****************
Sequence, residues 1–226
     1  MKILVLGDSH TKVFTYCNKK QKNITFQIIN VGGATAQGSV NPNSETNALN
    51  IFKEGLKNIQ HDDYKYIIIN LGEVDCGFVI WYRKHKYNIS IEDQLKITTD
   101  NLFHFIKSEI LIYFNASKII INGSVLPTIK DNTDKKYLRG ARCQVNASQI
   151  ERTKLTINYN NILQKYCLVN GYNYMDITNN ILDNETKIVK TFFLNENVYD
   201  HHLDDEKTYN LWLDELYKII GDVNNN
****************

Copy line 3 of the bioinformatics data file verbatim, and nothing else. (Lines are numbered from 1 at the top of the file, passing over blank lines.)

    51  IFKEGLKNIQ HDDYKYIIIN LGEVDCGFVI WYRKHKYNIS IEDQLKITTD